“Work and mental health are closely linked, whether good or bad, they both affect each other. WHO guidelines on mental health at work provide recommendations on the effective interventions to prevent the risks to mental health at work, protect and promote mental health, and support people living with a mental health condition to participate at work. Our ambition with these new WHO guidelines is to provide the imperative for action for improving mental health at work” added Dévora Kestel, Director, Mental Health and Substance Use at WHO.
These WHO guidelines provide a new impetus to centering employee mental health in the world of work by offering clear evidence-based pathways on who needs to do what. It arms governments, employers, and the organizations which represent workers and employers with essential guidance on preventing and mitigating the risks that can lead to poor employee mental health. Widespread uptake of WHO’s guidelines for mental health at work has transformative potential for how people experience workplaces and how those with mental health conditions can be supported to partake in the labor market.
According to Anil Soni, CEO of the WHO Foundation, “The WHO guidelines on mental health at work are timely and more salient today than ever. I know that many companies will welcome such a constructive and clear overview with express recommendations to address employees’ mental wellbeing. Supporting and funding the work of WHO to promote good employee mental health is a priority for the WHO Foundation and I know many employers have a tremendous contribution to make in this area. This is a pivotal moment to take a systemic, organizational approach to making a workplace where people can truly thrive, and where their physical and mental wellbeing is valued. We stand ready to catalyze the collaboration between employers and WHO, which offers evidence-based guidance and expertise.”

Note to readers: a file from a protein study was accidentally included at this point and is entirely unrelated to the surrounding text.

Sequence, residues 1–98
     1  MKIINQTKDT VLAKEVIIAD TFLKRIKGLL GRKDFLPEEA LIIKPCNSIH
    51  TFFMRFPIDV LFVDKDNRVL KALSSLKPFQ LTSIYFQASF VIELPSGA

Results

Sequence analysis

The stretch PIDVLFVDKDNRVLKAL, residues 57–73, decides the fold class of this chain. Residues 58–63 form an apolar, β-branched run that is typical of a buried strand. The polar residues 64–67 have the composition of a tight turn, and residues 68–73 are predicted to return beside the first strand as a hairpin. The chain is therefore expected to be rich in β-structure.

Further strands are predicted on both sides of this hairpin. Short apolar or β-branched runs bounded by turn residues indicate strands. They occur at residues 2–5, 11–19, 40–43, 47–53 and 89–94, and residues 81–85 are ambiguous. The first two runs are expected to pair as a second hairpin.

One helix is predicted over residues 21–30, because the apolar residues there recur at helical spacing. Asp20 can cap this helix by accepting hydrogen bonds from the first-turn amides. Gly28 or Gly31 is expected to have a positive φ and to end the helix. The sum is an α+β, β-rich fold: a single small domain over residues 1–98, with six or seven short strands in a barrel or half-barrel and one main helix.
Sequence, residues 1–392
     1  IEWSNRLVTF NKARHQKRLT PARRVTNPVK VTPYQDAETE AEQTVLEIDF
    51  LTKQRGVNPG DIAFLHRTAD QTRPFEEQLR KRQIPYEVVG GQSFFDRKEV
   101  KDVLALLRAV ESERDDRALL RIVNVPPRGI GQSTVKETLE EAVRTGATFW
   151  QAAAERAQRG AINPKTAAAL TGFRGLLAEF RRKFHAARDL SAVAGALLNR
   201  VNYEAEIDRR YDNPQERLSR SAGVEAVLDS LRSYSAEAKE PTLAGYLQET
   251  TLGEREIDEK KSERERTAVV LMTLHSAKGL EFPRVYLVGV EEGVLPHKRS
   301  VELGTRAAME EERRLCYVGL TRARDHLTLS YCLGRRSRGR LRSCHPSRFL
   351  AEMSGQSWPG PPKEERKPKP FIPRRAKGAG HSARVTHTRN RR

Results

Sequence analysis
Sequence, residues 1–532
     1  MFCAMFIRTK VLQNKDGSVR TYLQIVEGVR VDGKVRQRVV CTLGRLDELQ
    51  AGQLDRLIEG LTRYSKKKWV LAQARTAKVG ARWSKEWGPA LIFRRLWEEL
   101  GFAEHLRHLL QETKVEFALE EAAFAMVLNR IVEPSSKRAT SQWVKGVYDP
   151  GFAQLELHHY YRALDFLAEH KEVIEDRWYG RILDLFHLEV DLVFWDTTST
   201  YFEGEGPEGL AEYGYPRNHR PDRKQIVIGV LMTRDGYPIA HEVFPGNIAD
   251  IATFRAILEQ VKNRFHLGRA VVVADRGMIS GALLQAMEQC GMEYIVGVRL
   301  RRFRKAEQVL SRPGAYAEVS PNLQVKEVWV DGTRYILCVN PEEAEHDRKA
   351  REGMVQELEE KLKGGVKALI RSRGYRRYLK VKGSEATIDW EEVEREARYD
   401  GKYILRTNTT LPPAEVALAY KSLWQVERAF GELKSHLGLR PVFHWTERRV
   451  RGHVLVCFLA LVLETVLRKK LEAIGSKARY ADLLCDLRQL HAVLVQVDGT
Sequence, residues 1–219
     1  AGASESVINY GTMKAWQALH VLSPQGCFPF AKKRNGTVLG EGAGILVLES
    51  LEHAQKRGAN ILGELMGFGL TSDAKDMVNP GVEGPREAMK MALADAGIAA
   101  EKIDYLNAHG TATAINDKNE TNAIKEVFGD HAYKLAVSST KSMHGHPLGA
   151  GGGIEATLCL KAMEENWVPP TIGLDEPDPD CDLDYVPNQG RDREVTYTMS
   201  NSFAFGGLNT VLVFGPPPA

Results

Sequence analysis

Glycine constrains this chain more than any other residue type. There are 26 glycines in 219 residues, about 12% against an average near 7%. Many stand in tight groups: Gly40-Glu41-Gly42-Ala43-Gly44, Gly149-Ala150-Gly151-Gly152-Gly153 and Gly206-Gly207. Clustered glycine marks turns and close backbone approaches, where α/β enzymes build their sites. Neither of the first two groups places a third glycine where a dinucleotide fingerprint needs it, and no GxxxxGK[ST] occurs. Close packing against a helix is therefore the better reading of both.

At the WHO Foundation, our mission is to support the work of WHO, including fostering the uptake of these pathbreaking guidelines on mental health at work. The guidelines have tremendous potential to improve the mental wellbeing of all workers and support those with mental health conditions to continue to be economically productive.
The WHO Foundation and WHO plan to co-create a Community of Practice (CoP) for mental health at work to bring together employers who are driven to champion employee mental wellbeing, even as the pandemic has wrought a seismic shift in how employees perceive work. This CoP shall look to enroll an inaugural cohort of employers that will benefit from an opportunity to implement the first-ever WHO guidelines on mental health at work. Importantly, it will provide a peer learning platform in implementing these guidelines with technical oversight from the WHO and generate new knowledge and insights for embedding mental well-being in the future of work.
The WHO Foundation continues to harness the power of partnerships to raise funds and nurture collaborations for the mission of WHO.